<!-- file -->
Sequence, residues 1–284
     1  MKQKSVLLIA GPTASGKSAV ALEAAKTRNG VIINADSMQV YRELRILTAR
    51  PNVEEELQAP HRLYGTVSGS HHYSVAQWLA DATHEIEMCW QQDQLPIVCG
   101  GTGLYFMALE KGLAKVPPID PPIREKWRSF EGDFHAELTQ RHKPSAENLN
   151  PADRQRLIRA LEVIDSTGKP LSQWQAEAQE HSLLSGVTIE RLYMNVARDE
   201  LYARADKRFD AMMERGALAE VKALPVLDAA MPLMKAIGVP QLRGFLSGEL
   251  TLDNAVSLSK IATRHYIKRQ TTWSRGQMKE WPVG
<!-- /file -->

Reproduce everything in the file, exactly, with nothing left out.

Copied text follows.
Sequence, residues 1–284
     1  MKQKSVLLIA GPTASGKSAV ALEAAKTRNG VIINADSMQV YRELRILTAR
    51  PNVEEELQAP HRLYGTVSGS HHYSVAQWLA DATHEIEMCW QQDQLPIVCG
   101  GTGLYFMALE KGLAKVPPID PPIREKWRSF EGDFHAELTQ RHKPSAENLN
   151  PADRQRLIRA LEVIDSTGKP LSQWQAEAQE HSLLSGVTIE RLYMNVARDE
   201  LYARADKRFD AMMERGALAE VKALPVLDAA MPLMKAIGVP QLRGFLSGEL
   251  TLDNAVSLSK IATRHYIKRQ TTWSRGQMKE WPVG